Saying “It's not a decision I wanted to make”, Governor Dan Malloy ordered the layoff of 56 state troopers despite the state having spent more than $4 million dollars to train the new class.
Malloy was quick to “insist” that the public would not be impacted by the trooper layoffs, but his Commissioner of Public Safety told reporters that “investigative functions would be weakened and certain response times slowed down.”
Furthermore, as a result of having to use overtime to cover the lost troopers much, if not all of the of the saving that would have been achieved by laying off the troopers in the first place will be lost.
However, putting aside the real world impact of the layoffs, the “best” part of this story is the contradiction between what Candidate Malloy said versus what Governor Malloy is doing.
Way back in last year's campaign when Malloy was trying to get the State Police Union’s endorsement and win over swing-voters Malloy promised to hire 55 additional troopers and released a major policy paper on the importance of public safety and the State Police.
Malloy's "White Paper" led with “Our state and municipal police forces have become increasingly understaffed and the number of state troopers is currently 55 short of the 1,248 mandated level. We must re-invest in the state’s commitment to community policing and ensure that Connecticut meets and exceeds statutorly required state police staffing levels.”
Yesterday, when asked about the state statute requiring that the state have 1,248 troopers, Malloy told reporters that he hadn't read the particular statute but he did go on to say that “what I believe is that under optimum times the legislature thought that was the number that was required. Suffice it to say that these are not optimum times any longer...”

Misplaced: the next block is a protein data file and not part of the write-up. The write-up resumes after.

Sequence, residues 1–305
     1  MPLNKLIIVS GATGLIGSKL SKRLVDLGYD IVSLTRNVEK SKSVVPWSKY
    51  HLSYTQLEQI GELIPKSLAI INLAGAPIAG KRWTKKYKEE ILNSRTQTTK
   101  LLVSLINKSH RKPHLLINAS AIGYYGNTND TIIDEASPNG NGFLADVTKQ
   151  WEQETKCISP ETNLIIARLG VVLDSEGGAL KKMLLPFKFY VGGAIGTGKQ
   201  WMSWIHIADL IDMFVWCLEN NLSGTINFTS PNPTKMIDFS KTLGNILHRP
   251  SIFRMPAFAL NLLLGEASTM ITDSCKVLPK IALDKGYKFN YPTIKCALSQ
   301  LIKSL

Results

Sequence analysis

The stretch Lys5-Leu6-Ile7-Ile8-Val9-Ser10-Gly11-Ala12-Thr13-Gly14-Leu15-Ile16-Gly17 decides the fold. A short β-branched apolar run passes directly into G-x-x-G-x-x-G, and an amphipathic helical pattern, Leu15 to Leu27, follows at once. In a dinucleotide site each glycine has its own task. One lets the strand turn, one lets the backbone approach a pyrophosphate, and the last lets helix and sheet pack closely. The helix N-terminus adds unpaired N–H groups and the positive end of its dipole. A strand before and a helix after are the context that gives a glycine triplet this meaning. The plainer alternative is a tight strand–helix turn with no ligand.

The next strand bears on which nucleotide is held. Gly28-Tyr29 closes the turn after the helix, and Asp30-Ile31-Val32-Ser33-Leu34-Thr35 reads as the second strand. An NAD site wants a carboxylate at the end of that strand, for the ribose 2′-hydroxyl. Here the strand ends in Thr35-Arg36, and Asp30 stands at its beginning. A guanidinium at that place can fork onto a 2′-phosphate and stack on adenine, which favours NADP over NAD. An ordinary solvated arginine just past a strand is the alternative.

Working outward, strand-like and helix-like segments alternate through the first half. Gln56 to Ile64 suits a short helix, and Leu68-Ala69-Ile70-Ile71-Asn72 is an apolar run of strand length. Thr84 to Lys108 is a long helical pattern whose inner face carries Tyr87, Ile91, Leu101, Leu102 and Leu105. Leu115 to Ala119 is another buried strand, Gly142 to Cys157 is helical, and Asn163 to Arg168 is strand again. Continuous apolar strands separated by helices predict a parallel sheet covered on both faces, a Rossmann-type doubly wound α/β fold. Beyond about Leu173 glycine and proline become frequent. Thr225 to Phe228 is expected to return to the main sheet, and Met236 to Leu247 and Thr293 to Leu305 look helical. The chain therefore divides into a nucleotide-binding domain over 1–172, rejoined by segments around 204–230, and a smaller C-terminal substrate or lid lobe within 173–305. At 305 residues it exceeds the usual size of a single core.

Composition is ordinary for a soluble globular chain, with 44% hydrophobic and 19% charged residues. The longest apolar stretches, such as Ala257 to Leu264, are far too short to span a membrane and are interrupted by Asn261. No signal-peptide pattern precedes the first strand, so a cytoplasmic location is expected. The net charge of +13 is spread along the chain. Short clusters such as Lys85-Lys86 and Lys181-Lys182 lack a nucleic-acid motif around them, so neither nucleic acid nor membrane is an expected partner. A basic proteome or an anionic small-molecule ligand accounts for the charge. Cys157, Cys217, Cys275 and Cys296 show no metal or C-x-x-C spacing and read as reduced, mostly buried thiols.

His observation about the Legislature’s intent may be correct but the times were hardly optimum last year when he felt comfortable promising – in print – to bring the state up to 1,248 statutory number.
Personally I don’t know whether public safety will jeopardized or not but any financial saving will be limited at best. Perhaps more to the point, reasonable people can certainly disagree about whether state troopers should be “rewarded” or "punished" for voting against the concession package.
But one thing is for certain. If candidates are not held accountable for what they say and promise during campaigns then they are liable to say or do anything in order to get elected - even when they have no intention of following through…
Oh wait...Never mind.